Numerous chromatin interaction studies, including Hi-C, have established that chromatin is highly organized in 3D space by distant DNA segments being brought physically close together, thus necessarily looping out the DNA between them (13). Moreover, primarily based on the directionality of CTCF–CTCF and EP interactions (24), it is becoming increasingly evident that DNA looping does not result from specific interactions formed by random diffusion in 3D space but rather from a mechanism that acts in one dimension along the DNA (13, 21, 22). Our BN results shown in Fig. 1 highlight the importance of the CTCF–cohesin complex, and results shown in Fig. 5 provide strong evidence that directionality of loop formation is determined by the orientation of the ctcf motif in a CTCF–cohesin complex. As others have discussed and reviewed (13, 21, 22), such directionality is very difficult to explain by diffusion-based mechanisms. More likely a molecular motor is pulling the DNA segments together, that is, reeling in DNA and extruding a loop between them (18, 21, 22). Sanborn et al. (22) and Fudenberg et al. (21) have developed computer models assuming that cohesin serves as a molecular motor, with a cohesin dimer binding between convergent ctcf motifs and the CTCF complex serving to terminate reeling/extrusion. With these assumptions, computer-derived interaction patterns match well with experimentally determined Hi-C interactions. As illustrated in Fig. 5D, the results of our analyses are consistent with an appropriately oriented CTCF complex acting as a barrier to loop formation.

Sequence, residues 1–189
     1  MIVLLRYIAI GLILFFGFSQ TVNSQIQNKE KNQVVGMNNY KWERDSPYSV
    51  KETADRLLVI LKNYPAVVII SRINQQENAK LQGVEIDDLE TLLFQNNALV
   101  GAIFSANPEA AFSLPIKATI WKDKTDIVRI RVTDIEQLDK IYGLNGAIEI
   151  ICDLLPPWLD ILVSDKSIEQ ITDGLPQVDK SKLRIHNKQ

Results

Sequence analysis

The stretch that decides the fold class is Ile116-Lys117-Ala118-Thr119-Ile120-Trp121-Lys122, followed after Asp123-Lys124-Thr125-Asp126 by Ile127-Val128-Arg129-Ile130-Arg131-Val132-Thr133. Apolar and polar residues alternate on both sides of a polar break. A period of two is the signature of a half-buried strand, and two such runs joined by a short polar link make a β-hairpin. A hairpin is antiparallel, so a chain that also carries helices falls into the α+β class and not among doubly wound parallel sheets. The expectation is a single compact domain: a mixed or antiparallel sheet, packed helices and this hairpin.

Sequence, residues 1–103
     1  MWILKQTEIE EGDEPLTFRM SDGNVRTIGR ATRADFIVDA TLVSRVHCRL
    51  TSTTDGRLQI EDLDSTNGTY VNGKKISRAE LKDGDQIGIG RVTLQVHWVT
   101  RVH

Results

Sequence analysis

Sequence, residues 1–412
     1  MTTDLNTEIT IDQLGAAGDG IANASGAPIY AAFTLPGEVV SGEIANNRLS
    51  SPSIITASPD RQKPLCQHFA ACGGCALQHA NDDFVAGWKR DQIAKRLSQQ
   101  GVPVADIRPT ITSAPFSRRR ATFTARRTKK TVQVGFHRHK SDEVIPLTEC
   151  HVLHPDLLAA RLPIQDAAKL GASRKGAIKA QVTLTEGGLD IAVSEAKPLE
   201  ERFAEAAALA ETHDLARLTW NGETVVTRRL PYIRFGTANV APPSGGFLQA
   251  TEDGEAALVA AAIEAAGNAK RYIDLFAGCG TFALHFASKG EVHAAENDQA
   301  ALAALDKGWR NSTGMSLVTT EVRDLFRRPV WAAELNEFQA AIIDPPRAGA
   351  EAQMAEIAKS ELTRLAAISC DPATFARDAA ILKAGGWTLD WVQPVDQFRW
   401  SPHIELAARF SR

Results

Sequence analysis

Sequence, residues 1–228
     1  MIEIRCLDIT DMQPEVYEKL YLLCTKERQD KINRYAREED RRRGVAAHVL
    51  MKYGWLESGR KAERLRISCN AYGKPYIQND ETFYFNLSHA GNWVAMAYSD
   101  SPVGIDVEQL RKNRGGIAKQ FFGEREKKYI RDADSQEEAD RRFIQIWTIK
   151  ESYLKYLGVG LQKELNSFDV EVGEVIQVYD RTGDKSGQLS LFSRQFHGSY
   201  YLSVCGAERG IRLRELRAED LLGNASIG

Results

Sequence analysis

Our BN analysis highlighted the dependence of hic_strength on active transcription at start sites (TSS), and this was confirmed by our subsequent analysis showing that interaction strength does increase with transcription level at TSS (Fig. 2 A and B). Previously, Tang et al. (24) used ChIA-PET to study RNA polymerase (Pol II)-containing chromatin interaction anchors and compared these data with Hi-C data. They found that Pol II is frequently associated with CTCF at the base of Hi-C loops, with housekeeping genes located near the base of CTCF–cohesin loops and cell-type–specific genes more centrally located within the loops. They also found that clusters of CTCF complexes, called CTCF foci, colocalize with foci of Pol II, which have been called transcription factories (21, 47). As a result, they suggested that transcription by Pol II selectively draws genes into these CTCF foci. Fig. 6 very clearly shows that strong EP interactions are sensitive to the orientation of CTCF–cohesin complexes, with directionality very similar to that seen for the high-intensity interactions in Fig. 5. We thus speculate, as have others (24, 48), that transcription may sometimes be part of the process bringing distant DNA elements into close physical contact. Whatever the motor driving loop formation, Fig. 6 shows that the directionality of EP interactions is strongly influenced by the orientation of the CTCF complex. We interpret this finding to be consistent with models in which an appropriately oriented CTCF complex terminates reeling/loop extrusion (21, 22), whether derived from cohesin complex reeling, transcription, or other mechanisms. Another, not mutually exclusive, model is that the CTCF complex initiates reeling near the ctcf site, as proposed by Nichols and Corces (49). In either case, the CTCF complex can act as a barrier to reeling/extrusion in the “wrong” direction, thereby serving to insulate a promoter from the influence of an enhancer.